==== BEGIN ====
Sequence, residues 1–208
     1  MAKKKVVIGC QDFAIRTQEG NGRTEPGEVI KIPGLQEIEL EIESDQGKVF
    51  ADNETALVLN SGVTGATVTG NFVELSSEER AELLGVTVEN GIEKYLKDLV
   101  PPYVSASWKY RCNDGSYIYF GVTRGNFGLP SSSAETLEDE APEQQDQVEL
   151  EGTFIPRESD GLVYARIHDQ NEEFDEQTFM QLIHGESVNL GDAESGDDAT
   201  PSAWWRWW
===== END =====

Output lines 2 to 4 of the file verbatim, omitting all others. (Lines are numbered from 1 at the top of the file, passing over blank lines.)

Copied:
     1  MAKKKVVIGC QDFAIRTQEG NGRTEPGEVI KIPGLQEIEL EIESDQGKVF
    51  ADNETALVLN SGVTGATVTG NFVELSSEER AELLGVTVEN GIEKYLKDLV
   101  PPYVSASWKY RCNDGSYIYF GVTRGNFGLP SSSAETLEDE APEQQDQVEL